• [0068]
    Each of the tubes 600-800, when used for passing materials directly therethrough, are designed to be leak resistant. In order prevent leakage, tubes 700 and 800, for example, may include a leak proof coating, such as, for example, silicone material, or the like, applied to the tubes 700 and 800.
  • [0069]
    Another type of self-supporting structure includes a support wire with end clamp connectors. The support wire could be flexible, but also include sufficient rigidity to be self-supporting. The support wire utilizes unsupported tubes, wires, smoke ducts and other tools and utilities that clamp to the end of a support wire. The support wire furnishes the self-supporting function for the tubes, wires, etc. attached at an end thereof, and can be, for example, an annealed metal wire with a diameter between, for example, about 0.1″ to about 0.5″.
  • [0070]
    In addition to tubes to convey fluids and air, such as smoke, and wires to power devices such as a cautery pen, fiber optic cables could also run through the self-supporting structures.
  • [0071]
    In an alternative embodiment, a supported holder could be mounted to any of the frames 10 and 100-500, and/or attached at an end of any self-supporting structures, for example, tubes 600-800, described above. The supported holder includes a tray, a hook, a holster or another holder that allows tools that require very sensitive positioning to be unsecured, yet remain in easy reach for the surgeon. Tethered tools, such as laser cutting hand tools and cautery pens, are examples of tools that may require very sensitive positioning. Other non-tethered tools, including simple tools like scalpels, could also be positioned on the supported holder for easy access.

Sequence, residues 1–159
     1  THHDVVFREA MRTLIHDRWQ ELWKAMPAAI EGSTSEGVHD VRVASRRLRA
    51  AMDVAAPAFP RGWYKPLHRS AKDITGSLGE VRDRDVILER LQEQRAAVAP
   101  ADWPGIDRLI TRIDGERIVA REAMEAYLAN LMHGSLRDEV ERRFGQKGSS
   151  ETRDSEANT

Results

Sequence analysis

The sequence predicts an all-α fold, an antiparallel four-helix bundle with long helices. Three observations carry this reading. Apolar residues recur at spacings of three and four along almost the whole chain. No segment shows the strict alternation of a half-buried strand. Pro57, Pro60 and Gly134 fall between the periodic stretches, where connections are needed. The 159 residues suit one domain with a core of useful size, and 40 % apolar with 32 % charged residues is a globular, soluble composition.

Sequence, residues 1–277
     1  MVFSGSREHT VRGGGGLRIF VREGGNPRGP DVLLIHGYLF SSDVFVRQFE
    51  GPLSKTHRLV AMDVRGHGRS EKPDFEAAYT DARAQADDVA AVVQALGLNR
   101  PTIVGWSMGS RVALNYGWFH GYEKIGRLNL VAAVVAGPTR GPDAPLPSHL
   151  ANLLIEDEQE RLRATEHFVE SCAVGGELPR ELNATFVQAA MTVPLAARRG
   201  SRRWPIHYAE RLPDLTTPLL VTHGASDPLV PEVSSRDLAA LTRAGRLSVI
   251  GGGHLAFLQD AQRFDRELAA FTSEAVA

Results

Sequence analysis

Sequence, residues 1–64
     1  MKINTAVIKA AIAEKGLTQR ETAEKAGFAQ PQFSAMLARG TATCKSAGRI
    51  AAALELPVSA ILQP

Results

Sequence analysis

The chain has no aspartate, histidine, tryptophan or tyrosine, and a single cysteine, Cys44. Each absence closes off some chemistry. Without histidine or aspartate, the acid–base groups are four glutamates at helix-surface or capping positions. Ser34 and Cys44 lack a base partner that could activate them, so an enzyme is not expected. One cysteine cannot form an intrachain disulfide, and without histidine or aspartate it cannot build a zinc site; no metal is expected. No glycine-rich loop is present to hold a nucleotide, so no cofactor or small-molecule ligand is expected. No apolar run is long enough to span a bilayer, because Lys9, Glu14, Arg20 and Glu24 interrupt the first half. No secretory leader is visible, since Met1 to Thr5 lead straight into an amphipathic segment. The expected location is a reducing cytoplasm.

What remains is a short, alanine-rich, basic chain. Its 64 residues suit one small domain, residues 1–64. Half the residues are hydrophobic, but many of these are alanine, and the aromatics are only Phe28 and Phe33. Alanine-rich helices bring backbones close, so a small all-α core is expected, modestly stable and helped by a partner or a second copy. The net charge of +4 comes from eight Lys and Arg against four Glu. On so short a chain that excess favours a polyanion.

• [0072]
    According to an embodiment, a self supporting smoke exhaust duct formed of the co-extruded tube 600 could have a supported holder mounted to it to support a cautery pen or a laser hand tool. Other self supporting structures, for example tubes 700-800, could also include supported holders mounted thereto.
  • [0073]
    According to an embodiment, a coupling that allows very controlled motions or high flex life performance could be added to a tube, such as a non-supported tube, anywhere along the tube. This coupling could be a “snap-in” tube holder that snaps onto a tube, receives the tube therethrough, and has a mechanical joint. The coupling could also be an in-line tube of a different construction and/or material that allows improved bending performance. In an embodiment, the in-line tube could be a mostly metal constructed tube that is similar to goose neck type tubing.
  • [0074]